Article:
Verdun World War I Memorial Museum Reopens

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First opened in 1967, the Verdun Memorial Museum is located as it is in the heart of the battlefield. After more than two years of extensions and renovations the museum reopens. Inside, the permanent exhibition invites visitors to follow in the footsteps of a soldier serving at Verdun. Personal effects, wartime documents, eyewitness reports, the insight of historians and more contemporary media come together and draw on each other

Verdun Memorial: An interpretive center for the battle

The visit has been given a whole new look in the extended, redesigned building standing on the site of the actual battle. It explains and describes the history of the conflict by immersing visitors in the battle that began with a German attack on 21 February 1916. And it is the soldiers, both French and German, who are the focal point of the visit. More than 2,000 items, a multitude of photos never before displayed, French and German eyewitness accounts, and outstanding audiovisual exhibits combine to give insight into the experience of the men who came from so many different walks of life to fight here. The tour, over three floors, takes visitors on a journey of discovery that is as educational as it is emotional.

A Soldier's Life

Read more about the reopening of the Verdun Memorial Museum at
At the beginning of the visit, the Battle of Verdun is situated in time, space and history. Visitors then follow in the footsteps of a soldier moving up to the front line. As they pass the stage set designed like a display case with the visitor trail running round it, they see a 3D map of the battlefield on the ground.Projected vertically down onto the map are the various phases of the battle.

Set within a glass cage is a 100 sq. metre video wall. A unique audiovisual presentation then describes the violence of the conflict, with the earth pulverised and scattered by the pounding of artillery fire. The display combines archival images and artwork produced by the soldiers themselves. Everyday objects used by the combatants are displayed round about in rough wooden display cases, humble and fragile reminders of the soldiers' lives. They give a different view of the battle, the view seen by those who were there.

Behind and around the battlefield is a curved wooden wall containing display cases that show the various stages in a soldier's life at the Battle of Verdun.

The fighting experienced by men here and the violence of the battle are told through archive photographs and artwork by the soldiers. To each side are the everyday objects used by the men, set out in bare wooden display cases, giving visitors a different view of the battle. The logistics of the gigantic combat are illustrated with a mock-up of the road known as the "Sacred Way".

A succession of different areas focuses on management of the battle (command posts close to the battle, HQs, military courts and decorations, then the heavy artillery). Next comes life in the rear echelon illustrated by a group of men chatting at a camp kitchen, and, further on, aviation as visitors come face to face with the battlefield. The two planes, one French, one German, hang above the battlefield, facing each other. Beyond them, life back at home is shown as it was seen by soldiers on leave. This is followed by the medical corps with a display of a casualty clearing station close to the lightwell and military hospitals against the walls.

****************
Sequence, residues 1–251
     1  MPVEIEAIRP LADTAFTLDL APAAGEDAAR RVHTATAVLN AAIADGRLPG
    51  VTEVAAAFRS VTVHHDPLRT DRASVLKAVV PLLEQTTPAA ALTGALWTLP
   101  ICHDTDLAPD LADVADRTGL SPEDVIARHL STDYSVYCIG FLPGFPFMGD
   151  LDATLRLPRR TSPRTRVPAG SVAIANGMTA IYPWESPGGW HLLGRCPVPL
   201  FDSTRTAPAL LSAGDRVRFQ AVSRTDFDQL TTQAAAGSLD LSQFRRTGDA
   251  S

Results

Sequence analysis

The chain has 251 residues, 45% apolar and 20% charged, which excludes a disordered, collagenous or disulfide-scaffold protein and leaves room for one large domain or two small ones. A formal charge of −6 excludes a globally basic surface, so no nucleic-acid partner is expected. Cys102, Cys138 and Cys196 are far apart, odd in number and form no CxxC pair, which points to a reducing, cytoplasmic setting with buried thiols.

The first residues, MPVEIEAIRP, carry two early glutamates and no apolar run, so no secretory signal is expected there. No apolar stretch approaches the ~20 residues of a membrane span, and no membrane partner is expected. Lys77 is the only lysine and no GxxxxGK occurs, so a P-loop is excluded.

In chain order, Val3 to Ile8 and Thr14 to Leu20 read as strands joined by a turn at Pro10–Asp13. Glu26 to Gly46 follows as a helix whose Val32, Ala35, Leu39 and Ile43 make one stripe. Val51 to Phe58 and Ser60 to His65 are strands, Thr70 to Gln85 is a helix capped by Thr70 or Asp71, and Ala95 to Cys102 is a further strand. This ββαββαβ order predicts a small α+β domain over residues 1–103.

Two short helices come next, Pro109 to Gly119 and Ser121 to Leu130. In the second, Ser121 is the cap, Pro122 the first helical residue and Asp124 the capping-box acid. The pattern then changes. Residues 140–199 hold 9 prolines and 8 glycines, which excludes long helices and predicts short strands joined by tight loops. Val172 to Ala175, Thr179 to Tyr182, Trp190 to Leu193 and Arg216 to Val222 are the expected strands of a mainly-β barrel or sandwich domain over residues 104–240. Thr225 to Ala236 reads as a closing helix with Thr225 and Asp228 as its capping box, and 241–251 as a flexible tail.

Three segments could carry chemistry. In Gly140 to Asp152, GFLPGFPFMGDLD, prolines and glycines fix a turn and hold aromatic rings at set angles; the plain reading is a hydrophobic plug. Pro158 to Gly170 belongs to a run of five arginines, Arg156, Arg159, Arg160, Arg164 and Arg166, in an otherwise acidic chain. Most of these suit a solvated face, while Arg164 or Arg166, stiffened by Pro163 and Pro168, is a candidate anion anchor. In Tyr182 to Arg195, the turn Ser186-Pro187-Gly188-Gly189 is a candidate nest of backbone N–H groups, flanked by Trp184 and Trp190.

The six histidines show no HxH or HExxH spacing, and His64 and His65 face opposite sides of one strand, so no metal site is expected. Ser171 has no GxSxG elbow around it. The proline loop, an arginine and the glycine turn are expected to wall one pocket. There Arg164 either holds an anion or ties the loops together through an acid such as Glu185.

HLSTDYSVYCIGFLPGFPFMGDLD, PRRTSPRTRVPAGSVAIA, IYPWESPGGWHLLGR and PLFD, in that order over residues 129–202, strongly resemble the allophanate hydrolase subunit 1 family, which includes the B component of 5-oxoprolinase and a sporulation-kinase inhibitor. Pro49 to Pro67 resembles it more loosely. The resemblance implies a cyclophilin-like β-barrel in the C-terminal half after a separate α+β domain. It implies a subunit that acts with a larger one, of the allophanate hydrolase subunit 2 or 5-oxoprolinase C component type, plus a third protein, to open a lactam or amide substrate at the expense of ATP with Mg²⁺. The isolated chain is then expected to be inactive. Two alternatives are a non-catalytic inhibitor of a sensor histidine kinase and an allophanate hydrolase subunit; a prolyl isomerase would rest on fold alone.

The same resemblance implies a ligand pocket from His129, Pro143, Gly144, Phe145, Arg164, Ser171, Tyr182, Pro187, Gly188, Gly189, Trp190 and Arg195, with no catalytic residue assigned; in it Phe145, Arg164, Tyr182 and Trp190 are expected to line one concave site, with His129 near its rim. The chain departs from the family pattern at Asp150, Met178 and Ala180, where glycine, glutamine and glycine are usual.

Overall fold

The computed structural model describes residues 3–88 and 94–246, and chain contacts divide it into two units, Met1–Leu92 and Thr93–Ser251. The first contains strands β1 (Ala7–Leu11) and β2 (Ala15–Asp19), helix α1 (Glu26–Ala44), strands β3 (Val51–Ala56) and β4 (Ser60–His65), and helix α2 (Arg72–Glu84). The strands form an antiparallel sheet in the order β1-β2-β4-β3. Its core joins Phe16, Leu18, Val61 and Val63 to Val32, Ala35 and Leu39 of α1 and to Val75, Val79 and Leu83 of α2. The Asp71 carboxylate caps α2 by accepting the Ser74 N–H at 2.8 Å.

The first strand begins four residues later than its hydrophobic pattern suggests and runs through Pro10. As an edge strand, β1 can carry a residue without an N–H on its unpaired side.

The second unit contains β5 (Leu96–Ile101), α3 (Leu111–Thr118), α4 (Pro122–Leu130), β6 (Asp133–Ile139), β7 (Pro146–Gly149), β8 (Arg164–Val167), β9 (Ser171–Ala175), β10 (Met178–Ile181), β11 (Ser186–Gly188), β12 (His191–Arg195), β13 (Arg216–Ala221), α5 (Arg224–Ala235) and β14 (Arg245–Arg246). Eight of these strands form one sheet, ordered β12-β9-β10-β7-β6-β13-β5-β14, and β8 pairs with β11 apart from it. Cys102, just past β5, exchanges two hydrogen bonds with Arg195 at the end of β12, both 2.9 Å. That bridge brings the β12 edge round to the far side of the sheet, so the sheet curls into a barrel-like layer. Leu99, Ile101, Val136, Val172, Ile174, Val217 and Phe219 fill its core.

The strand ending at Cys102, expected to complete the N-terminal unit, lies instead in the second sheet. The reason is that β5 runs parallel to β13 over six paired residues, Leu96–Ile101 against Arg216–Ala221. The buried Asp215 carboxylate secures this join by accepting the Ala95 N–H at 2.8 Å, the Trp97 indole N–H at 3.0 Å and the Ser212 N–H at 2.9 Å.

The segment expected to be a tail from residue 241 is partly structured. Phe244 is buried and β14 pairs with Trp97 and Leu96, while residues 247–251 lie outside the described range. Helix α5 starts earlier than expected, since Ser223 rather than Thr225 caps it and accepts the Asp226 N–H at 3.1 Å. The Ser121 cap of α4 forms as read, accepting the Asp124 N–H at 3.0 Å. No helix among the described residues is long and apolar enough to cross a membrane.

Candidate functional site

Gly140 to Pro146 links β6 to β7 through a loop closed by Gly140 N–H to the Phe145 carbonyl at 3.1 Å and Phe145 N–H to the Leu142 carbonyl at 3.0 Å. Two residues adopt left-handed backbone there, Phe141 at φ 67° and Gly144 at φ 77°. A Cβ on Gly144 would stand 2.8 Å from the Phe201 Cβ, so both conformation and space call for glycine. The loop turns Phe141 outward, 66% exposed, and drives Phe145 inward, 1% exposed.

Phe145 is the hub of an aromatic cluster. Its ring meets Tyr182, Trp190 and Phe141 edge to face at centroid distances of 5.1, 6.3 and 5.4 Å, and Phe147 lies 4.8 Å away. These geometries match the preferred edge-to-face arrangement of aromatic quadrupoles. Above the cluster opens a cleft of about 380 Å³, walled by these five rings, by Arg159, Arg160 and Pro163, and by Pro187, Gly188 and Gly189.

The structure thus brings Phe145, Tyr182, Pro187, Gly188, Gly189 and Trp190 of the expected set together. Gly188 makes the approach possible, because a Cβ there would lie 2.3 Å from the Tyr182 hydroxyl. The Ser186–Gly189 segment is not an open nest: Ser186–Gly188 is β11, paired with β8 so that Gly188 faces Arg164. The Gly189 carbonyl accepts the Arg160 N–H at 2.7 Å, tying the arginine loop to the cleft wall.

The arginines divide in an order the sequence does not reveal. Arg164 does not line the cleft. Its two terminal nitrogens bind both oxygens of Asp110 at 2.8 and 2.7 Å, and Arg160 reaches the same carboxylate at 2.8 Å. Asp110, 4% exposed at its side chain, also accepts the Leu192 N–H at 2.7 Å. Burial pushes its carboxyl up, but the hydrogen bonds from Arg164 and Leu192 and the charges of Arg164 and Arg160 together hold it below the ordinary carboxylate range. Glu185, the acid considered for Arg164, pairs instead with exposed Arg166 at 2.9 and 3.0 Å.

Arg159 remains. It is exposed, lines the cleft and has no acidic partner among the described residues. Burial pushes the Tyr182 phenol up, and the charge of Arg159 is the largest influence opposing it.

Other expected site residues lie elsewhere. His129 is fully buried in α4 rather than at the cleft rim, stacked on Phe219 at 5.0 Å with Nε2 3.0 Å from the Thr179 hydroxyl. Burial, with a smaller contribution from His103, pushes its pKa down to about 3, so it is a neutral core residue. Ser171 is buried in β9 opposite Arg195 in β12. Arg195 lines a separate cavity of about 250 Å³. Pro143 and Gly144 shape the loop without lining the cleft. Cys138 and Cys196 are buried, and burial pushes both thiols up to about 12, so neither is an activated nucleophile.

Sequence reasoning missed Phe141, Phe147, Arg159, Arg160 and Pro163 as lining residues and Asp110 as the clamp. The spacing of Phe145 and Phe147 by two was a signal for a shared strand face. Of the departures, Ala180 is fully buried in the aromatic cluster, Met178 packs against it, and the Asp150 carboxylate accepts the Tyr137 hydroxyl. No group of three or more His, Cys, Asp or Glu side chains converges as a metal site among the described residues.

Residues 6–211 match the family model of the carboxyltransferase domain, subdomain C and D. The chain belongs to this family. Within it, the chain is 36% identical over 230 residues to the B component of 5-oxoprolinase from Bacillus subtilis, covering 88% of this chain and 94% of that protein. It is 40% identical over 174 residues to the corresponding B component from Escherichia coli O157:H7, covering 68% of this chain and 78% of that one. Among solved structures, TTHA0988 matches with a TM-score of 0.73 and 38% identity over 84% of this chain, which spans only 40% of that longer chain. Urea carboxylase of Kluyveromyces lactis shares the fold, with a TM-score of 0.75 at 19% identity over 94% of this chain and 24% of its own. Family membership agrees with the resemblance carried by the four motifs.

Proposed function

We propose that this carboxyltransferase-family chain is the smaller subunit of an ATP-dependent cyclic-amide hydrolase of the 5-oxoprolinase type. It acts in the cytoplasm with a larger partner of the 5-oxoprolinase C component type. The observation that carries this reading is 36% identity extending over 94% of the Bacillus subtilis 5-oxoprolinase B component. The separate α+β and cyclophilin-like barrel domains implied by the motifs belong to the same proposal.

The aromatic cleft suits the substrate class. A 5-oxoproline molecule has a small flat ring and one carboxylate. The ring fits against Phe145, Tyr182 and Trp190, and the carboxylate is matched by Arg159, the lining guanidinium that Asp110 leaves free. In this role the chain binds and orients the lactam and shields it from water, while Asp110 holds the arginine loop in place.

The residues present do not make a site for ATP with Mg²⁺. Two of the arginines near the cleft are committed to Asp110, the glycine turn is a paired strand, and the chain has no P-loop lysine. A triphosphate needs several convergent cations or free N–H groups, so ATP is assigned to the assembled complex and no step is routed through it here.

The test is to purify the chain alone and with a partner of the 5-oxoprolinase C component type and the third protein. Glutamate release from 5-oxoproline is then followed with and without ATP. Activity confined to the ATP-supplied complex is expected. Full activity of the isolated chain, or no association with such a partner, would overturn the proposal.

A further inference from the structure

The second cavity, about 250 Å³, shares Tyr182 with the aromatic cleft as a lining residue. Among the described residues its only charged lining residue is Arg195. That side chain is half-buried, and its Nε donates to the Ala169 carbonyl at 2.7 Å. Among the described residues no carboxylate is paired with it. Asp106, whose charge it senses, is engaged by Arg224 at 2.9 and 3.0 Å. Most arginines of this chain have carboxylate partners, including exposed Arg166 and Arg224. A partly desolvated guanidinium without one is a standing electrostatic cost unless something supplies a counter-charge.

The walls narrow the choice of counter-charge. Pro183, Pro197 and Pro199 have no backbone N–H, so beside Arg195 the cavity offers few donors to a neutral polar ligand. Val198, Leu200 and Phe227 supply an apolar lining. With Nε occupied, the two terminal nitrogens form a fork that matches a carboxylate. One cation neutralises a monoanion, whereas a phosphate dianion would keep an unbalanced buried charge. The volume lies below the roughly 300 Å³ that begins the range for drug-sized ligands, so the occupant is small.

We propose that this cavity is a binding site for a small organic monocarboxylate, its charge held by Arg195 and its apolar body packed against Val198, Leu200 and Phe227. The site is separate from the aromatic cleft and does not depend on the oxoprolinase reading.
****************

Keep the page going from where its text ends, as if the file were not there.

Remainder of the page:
The trail continues with a reminder that fighting continued here until the American offensive in September 1918. This is followed by a description of the way in which remembrance was created and a look at the symbolic impact of the Battle of Verdun in History

On the Battlefield and Beyind the Scenes

On the next floor, visitors are shown the environment of the battle and background details on the countries at war. The work that went on behind the French and German lines is shown here, including the role of aviation in history's first battle of the skies, the role of the high commands and the heroic part played by the medical teams. Through the thoughts and impressions of soldiers on leave, visitors are also given a glimpse of everyday life in France and Germany. The permanent exhibition ends back in the foyer, with information on the history of the Memorial Museum itself. The top floor is flooded with light and its windows look out onto the surrounding countryside.Visitors are free to access the terraces and enjoy the panoramic view. Multimedia terminals tell the history of the battlefield, with contemporary aerial photographs showing the traces left by the war and now hidden in the forest.

The current website is in French Memorial-Verdun-French with English promised to come soon. Check here English Coming Soon

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February 4th, 2016

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